Photo credit: VIA Telecom Booth by VIA Gallery
Maybe you have been following my latest posts on the approval process for amending the Mexican Constitution in relation to Telecom (and anti-trust). If not, I suggest you read How I Learned to Stop Worrying about Telecom and Love the Pact or Don´t Panic: The First-Mover Guide to the New Mexican Telecom Bill.
House of Representatives delivered the Bill with amendments to the Senate for second time, and Senate will vote minor revisions by April 30, 2013. If approved, it will go for approval to all 31 States of Mexican Republic. A minimum of 16 States will be required, and then Congress will declare the Constitutional Amendment going for publishing at the Federal Official Gazette.
Along will come secondary laws and regulations to update the regulatory framework and catch up with new technologies, which is expected to happen during next 6 months. This is the major overhaul on telecom regulation since early 1990´s, when Telmex was privatised and a Telecom Law was published for first time.
However, while our eyes are all over the Telecom Bill, there are other events shaping already the telecom industry like:
1. MVS is got a major victory at the Supreme Court versus recall of spectrum for 2.5 GHz band. Mexican Government, must likely, will negotiate a license to use a part of this band to MVS. Could MVS pitch Intel and Clearwire to launch its broadband project?
2. Digital TV is arriving earlier to Tijuana (May 28). While this will not move the calendar for other cities, it will certainly be an incentive for independent producers of HD content to hurry up. Also, a part of 700 MHz band will be recovered.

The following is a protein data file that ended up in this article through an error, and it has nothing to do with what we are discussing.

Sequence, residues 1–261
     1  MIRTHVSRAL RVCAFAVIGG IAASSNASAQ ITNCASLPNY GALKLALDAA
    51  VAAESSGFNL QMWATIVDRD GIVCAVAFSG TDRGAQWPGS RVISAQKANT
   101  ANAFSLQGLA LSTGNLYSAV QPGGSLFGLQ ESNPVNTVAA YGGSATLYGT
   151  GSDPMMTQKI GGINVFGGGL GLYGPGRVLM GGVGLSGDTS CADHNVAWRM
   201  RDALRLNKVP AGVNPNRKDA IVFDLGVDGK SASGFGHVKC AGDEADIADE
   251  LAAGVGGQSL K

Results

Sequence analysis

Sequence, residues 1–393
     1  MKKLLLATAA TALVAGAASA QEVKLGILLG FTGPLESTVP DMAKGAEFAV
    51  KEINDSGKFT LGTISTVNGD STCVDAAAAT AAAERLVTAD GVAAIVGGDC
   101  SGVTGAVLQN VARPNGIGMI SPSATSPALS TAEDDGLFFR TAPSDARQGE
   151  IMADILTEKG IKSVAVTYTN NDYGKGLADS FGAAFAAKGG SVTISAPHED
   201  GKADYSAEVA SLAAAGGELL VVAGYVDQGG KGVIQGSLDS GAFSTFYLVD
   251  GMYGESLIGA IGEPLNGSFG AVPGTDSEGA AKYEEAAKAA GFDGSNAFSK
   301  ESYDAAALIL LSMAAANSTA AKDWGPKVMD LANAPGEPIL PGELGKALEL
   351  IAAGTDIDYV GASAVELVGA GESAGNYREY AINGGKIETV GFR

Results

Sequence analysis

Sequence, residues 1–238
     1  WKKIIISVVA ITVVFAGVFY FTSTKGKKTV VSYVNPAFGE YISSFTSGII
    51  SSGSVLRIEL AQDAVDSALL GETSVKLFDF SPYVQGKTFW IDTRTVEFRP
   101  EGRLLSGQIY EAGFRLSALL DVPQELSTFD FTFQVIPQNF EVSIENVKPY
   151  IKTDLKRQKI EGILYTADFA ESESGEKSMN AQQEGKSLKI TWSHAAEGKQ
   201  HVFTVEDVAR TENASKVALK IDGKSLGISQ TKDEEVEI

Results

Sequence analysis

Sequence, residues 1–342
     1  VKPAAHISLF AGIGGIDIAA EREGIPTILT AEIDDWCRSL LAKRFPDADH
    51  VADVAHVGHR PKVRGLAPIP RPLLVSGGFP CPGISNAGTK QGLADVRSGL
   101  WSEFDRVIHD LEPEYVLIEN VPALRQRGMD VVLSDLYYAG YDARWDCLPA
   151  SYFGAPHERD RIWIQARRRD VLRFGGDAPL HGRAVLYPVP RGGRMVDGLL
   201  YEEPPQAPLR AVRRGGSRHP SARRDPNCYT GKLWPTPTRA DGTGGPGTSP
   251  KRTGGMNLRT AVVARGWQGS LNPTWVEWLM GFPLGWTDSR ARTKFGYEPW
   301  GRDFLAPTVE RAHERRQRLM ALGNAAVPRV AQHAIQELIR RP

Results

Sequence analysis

3. Comisión Federal de Telecomunicaciones (COFETEL) started public consultation on satellite services. Mexico has already launched Satellite “Bicentenario” last December 19, to become first of three satellites in the MexSat Fleet. Connectivity is on the rise.
4. COFETEL is retaking the project for consolidating 397 long-distance areas to 173. While this will hit the long-distance business, it will certainly open opportunities for local services.
5. COFETEL has finished the process for approving the Regulations for the Telecom Registry. These Regulations will simplify the process for acts to be registered (i.e. tariffs).
6. The Service Level Interconnection Agreement is in process of being discussed and approved. The approval will mean certainty for new entrants to the market.
Mexican telecom industry grew 15.1% during 2012 (in relation to 2011), so I am thrilled to see how these Reform and secondary regulation will soar this growth. How about you? Let me know what you think.